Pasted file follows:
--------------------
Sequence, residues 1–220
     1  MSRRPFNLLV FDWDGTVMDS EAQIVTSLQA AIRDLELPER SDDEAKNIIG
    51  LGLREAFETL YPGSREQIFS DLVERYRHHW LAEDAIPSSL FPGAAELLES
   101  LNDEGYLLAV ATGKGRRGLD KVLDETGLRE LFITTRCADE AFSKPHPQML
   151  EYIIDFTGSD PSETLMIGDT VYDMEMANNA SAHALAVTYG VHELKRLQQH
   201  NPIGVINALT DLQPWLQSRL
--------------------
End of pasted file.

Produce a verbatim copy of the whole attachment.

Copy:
Sequence, residues 1–220
     1  MSRRPFNLLV FDWDGTVMDS EAQIVTSLQA AIRDLELPER SDDEAKNIIG
    51  LGLREAFETL YPGSREQIFS DLVERYRHHW LAEDAIPSSL FPGAAELLES
   101  LNDEGYLLAV ATGKGRRGLD KVLDETGLRE LFITTRCADE AFSKPHPQML
   151  EYIIDFTGSD PSETLMIGDT VYDMEMANNA SAHALAVTYG VHELKRLQQH
   201  NPIGVINALT DLQPWLQSRL